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Tuesday, October 7, 2014
Distribution and habitatThis pelargonium species has a
rather limited distribution in the Langeberg range in the southern Western Cape.
It is only known over a range of not more than 50 km, from the vicinity of
Montagu in the west to near Riversdale in the east. It occurs mostly at
altitudes of 300 to 600 m. Near the coast it forms a component of the vegetation
type Coastal Renosterbos veld, dominated by Elytropappus rhinocerotis. In the
mountains it occurs in False Macchia, which is considered to be an in-between
vegetation type between Dohne Sourveld and true Fynbos. These vegetation types
consist of dry, low, shrubby, sclerophyllous (hard-leaved) vegetation. P.
ternatum grows in rocky terrain often in well drained sandy soil. The
distribution area receives an annual rainfall of about 200 to 400 mm near the
coast and as high as 600 mm in the mountains. The rainfall pattern is evenly
distributed throughout the year. The summer months become quite hot, winters are
mild, and light frost is experienced at elevated localities. According to Van
der Walt & Vorster (1981) “After a veld fire in Garcia's Pass in the 1976 an
extensive population of P. ternatum appeared on the burnt section,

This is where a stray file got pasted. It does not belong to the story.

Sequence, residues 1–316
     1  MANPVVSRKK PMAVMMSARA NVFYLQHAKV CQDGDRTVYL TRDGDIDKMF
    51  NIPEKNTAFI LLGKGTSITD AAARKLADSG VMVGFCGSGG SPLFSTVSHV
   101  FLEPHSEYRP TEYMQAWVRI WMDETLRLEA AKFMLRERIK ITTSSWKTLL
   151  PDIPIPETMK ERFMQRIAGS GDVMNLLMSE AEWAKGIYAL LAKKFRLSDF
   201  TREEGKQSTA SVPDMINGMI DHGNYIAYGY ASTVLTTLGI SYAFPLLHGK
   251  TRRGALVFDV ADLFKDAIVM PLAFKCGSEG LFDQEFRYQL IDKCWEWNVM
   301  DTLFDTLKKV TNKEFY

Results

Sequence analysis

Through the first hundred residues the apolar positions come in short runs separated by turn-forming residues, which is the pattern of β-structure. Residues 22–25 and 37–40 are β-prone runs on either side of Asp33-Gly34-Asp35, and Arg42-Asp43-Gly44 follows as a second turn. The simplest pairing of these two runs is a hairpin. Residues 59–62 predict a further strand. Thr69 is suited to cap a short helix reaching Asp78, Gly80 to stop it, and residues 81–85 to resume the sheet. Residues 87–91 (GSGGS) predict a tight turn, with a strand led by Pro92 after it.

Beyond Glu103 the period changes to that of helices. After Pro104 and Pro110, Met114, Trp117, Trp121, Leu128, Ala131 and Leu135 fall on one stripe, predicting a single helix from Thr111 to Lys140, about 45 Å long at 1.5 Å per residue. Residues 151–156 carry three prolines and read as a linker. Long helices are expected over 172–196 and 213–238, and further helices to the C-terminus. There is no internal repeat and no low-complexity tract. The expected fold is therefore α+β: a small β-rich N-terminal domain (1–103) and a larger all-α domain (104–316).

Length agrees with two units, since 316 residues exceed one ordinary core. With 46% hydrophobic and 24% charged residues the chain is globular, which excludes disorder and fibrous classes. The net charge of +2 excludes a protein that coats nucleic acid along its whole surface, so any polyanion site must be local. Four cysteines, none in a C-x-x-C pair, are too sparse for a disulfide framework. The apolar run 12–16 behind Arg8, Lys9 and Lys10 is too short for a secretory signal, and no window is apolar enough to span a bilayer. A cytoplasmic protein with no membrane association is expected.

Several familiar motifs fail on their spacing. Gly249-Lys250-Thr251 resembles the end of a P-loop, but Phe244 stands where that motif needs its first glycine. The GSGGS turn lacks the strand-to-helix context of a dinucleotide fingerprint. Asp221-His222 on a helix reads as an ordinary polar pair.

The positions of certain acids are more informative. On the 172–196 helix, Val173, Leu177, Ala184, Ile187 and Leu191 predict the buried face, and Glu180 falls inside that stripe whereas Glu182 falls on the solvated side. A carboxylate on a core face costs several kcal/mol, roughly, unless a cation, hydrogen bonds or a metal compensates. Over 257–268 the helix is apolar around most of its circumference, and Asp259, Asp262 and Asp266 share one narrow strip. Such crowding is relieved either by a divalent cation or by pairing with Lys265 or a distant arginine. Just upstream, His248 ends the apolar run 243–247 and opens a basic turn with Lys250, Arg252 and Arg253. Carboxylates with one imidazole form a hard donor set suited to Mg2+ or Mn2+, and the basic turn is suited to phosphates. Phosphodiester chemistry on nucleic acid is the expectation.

suggesting that the species acts as a pioneer in an early stage of plant
Derivation of name and historical aspects|Pelargonium
ternatum belongs in the Geraniaceae family, a large cosmopolitan family of
approximately 11 genera and 800 species in subtropical and temperate regions of
the world. There are approximately 270 species of Pelargonium which
occur in S, E and NE Africa, Asia, St Helena, Tristan da Cunha, Madagascar,
Australia and New Zealand, most of which (219 species) occur in southern Africa.
The genus Pelargonium gets its name from the resemblance of the shape
of the fruit to the beak of a stork, pelargos in Greek, while the
specific name ternatum, in Latin, means 'in threes',
and refers to the three leaflets or lobes of the leaves.
EcologyThe seed is adapted to wind dispersal; it is light
in weight and has a feathered, spiral, tail-like attachment. When the seed lands
and there is sufficient water in the soil, the tail acts like a drill, twisting
the seed into the soil so that the seed can anchor itself in the ground and is
thus prevented from being blown away, or carried away on moving animals.